7. I can do some guessing but frankly, I have no idea. All parts have a "neck". Does this fit the tailstock? If the holes on the upper left part of number 1 line up with the mounting holes on the 3 or 4 jaw chuck (or any other clamping device that is available for the Proxxon), it might be that the previous owner wanted it mounted free running on an adapter for the tailstock.
  8. Great job on the interior parts, Ken.
  9. I had to take apart my lathe too. Old grease tends to form a plaque so I cleaned the threads and the guides of the support, cross support and top support, making sure that all old grease was gone. I bought a big jar of grease and greased everything that needed grease. Don't know how Proxxon documents it, but the Emco manual of my Compact 8 was quite clear in what needed to be greased and what needs to be oiled. I also cleaned all the belt wheels as there was a lot of black goo on them and consequently on the belts (which should not be there). Lastly i removed all gears that drive the feed and cleaned them. Afterward I greased the teeth lightly. Reminder: if you install them again, make sure that you put a piece of paper between the teeth, otherwise you might push the gears too much against each other causing unwanted wear. If you take apart the supports, at installation time you need get rid of the play on the supports and the handles. The documentation should tell you how you can do that. Do you have a quick exchange tool holder? That makes life so much easier. You can change from one tool bit to the other without having to think about tool height. If you don't, you might want to look into acquiring one.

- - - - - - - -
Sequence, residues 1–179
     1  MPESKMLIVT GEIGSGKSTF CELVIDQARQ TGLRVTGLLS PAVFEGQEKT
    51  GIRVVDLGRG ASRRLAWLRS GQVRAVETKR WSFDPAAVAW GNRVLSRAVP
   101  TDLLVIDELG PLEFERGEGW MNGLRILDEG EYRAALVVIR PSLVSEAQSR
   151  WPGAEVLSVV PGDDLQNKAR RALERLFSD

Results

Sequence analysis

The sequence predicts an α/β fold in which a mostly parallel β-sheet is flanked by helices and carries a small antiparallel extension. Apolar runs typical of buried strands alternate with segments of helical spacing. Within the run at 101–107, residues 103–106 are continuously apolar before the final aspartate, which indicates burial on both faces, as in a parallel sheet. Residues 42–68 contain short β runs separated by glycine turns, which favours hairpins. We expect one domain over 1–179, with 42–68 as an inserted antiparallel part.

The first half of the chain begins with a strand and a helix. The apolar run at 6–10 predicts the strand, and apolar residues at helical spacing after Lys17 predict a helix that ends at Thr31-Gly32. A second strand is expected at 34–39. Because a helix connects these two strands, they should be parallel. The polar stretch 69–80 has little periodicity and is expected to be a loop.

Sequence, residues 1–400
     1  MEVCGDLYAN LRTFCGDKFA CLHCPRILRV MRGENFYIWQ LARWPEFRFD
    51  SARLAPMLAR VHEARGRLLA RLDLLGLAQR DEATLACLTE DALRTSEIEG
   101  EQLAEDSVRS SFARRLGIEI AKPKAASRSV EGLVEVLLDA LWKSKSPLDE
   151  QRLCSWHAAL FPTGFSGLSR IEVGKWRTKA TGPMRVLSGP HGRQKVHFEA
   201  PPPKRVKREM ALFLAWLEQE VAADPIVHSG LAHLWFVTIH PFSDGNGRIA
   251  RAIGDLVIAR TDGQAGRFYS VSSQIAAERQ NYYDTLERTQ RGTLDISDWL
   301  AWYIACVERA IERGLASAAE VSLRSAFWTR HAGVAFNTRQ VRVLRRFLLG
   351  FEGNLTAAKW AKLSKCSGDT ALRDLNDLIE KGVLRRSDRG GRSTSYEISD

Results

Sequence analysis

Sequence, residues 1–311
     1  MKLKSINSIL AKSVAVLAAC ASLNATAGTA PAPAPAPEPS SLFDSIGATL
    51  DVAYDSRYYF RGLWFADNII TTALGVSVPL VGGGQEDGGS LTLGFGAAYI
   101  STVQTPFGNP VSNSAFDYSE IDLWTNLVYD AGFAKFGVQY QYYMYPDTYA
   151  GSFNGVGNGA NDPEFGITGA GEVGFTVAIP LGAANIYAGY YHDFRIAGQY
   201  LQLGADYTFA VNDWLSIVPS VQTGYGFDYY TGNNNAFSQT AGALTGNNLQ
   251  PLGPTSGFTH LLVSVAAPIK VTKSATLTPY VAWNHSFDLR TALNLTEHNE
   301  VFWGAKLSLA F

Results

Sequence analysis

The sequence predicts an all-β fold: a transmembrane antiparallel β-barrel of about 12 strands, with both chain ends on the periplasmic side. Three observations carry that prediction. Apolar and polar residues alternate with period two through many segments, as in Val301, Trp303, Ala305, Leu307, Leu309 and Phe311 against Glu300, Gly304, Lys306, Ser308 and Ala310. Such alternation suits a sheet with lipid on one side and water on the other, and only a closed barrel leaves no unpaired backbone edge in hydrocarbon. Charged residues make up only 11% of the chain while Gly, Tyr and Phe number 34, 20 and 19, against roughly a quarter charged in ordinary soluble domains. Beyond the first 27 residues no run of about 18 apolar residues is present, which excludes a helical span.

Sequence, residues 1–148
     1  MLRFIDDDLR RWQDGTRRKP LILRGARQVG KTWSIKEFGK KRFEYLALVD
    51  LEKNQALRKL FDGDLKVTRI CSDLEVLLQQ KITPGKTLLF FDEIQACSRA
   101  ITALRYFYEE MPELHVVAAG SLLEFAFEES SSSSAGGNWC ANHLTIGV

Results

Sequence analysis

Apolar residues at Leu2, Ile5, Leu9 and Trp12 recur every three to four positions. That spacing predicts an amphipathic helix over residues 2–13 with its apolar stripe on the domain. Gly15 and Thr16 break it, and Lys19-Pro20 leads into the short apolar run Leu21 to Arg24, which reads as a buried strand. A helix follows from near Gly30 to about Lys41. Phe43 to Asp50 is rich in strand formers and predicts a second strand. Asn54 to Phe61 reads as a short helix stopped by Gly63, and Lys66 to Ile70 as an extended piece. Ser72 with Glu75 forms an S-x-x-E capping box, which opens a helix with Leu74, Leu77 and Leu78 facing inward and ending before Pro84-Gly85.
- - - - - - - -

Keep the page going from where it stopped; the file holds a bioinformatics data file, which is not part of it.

10. OK, my remark was a bit too B&W. I did receive that bag with some bolts, however, tot replace all molded bolts, one would need many, many more bolts and screws. I expected them to be there, but they weren't. Anyway, not a real problem as I do have many bolts in all kind of sizes and materials, so I'll manage.
  11. Good luck with building this one. I'll be following your progress. Also interested to see what you think about the transkit. I have one lying around. First thing I noticed was that the transkit did not include screws and bolts. I asked Tommaso about this but did not get a response. I acquired this black coupe as a partly built one. It was done really nicely, but I took it apart and boxed everything again. One day I'll start this one. I'm wondering if a diorama would work. Would then be logical to keep the engine out of the car.
  12. Pity that you lost the oil line, but I can imagine that you didn't want to run the risk for more damage by taking the engine out again. This is a real beast. Huge..
  13. That's a bummer. Hope it will be sorted quickly. They do indeed look like whatch band pins. Guess Uli also looks around him to see what can be used from the real world. Nevertheless, at the price for the transkit, this should not happen.
  14. From the three you show here, I would choose the last one. Having said that, I wouls suggest the following (might not be totally original):
  15. What a fantastic idea to build them in tandem. I booked a seat in the front row, hope you supply the beverages? That extra bag of screws is an item Autograph sells seperately too. I have a vision that they sweep up the spills from the floor in the screws department. Instead of sorting them and putting them back in the right location, they sell them in 5 or 10 gram packages.